An Exiled NoëlFor those of you who celebrate Christmas, the holiday probably involves a gathering with loved ones or relatives you feel obligated to visit, along with the usual barrage of office parties, sweets, Secret Santas and seasonal carols. The day itself finds you surrounded by unwrapped gifts as you mull over which to keep, which to return. If you're really in the spirit, you'll pop in a CD of favorite Christmas tunes to provide that holiday feeling while you gorge on a huge meal, visions of credit card bills dancing in your head. Probably the last "gift" on your mind is Jesus, the gift that--as the spooky old carol goes--"saves us all from Satan's powers when we have gone astray." Comfort and joy indeed.
North Carolina's resettled Montagnard tribesmen, on the other hand, will spend December 25 observing a tradition that began back in the Vietnamese highlands, a tradition they furtively observed in exile in the Cambodian jungles, and carry on today in their adopted country: a Noel pageant, complete with seasonal hymns and a re-enactment of the Nativity, followed by a communal meal of native dishes. The North Ridge Alliance in Raleigh, along with Montagnard churches in Charlotte and Greensboro, will host these pageants, which blend the Montagnard language and culture with the Christmas story.
Montagnard Christmas pageants have changed little since the early celebrations started by the evangelical Christian Missionary Alliance (CMA) groups and other Christians back in the early 1960s in Vietnam. The Montagnards ("hill people" in French) are actually composed of 30-some tribes thought to be of a Malaysian and Polynesian descent. They were ethnically and linguistically different from the native Vietnamese, and as a minority, they suffered discrimination: They were called moi (savages) by the South Vietnamese. As a result, the CMA found many of the highland people--practicing animists who lived in bamboo and thatch long-houses--ready to embrace a doctrine that preached the equality of all men.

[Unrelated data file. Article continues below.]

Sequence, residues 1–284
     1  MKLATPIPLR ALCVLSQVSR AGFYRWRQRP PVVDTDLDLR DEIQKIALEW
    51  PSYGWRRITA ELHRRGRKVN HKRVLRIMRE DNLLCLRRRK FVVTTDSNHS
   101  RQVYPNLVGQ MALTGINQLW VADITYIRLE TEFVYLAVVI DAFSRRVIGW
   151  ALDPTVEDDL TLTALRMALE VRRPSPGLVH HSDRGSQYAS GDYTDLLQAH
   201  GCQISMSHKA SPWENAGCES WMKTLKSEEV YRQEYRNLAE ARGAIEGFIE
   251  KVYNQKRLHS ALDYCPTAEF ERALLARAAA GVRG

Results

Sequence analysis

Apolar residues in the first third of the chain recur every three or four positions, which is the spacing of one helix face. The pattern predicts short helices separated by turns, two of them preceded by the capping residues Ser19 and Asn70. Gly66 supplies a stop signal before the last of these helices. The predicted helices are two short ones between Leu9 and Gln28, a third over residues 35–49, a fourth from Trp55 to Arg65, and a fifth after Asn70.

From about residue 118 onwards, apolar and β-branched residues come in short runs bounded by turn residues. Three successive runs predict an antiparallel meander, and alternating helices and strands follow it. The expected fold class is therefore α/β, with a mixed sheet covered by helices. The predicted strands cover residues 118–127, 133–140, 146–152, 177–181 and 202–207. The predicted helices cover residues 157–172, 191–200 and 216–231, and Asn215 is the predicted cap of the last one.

The Rev. Charles Long of CMA and his wife, E.G., spent months in Saigon learning Vietnamese before they struck out to the Central Highlands. Living in the Pleiku district and learning the dialect of the Jarai Montagnard tribe, Long and his wife lived in a 300-foot bamboo and thatch longhouse, sleeping in the communal room in the middle of the structure. The room was hung with the skulls of sacrificed water buffalo, which the Jarai would "feed" by stuffing the mouths with green grass every day.
According to Long, the Jarai practiced a religion of fear, with sickness and bad luck coming from angry spirits who could only be appeased by a blood sacrifice. Many tribe members sported copper bracelets, not as ornaments, but to show how many water buffalo they owed the demons. Some wore as many as seven.
Long says the Montagnards were struck by the blood sacrifice of Jesus. When a Montagnard converted to Christianity, the Jarai pastors would hold a ceremony in the village church where the person would take off his or her bracelets and hang them on a post, declaring themselves debt-free. "When they heard of Jesus--that he had more power than any of those spirits--they were released from being afraid," Long says.
In their 14 years with the CMA in Vietnam, the Longs put on Christmas pageants everywhere--from a leprosarium to tiny villages that could only be reached by helicopter--converting and training pastors, who in turn put on their own Christmas pageants. In Pleiku province, many of their early converts were high school students. "We'd start practicing [the Christmas pageant] in October," Long recalls. They'd perform at two to three villages a day, carrying their lunch in pouches. This "touring group" learned all the scenes of the Christmas story: the angel's announcement to Mary, Joseph's dream, the angel visiting the shepherds, the trek to Bethlehem, and the arrival of the Wise Men.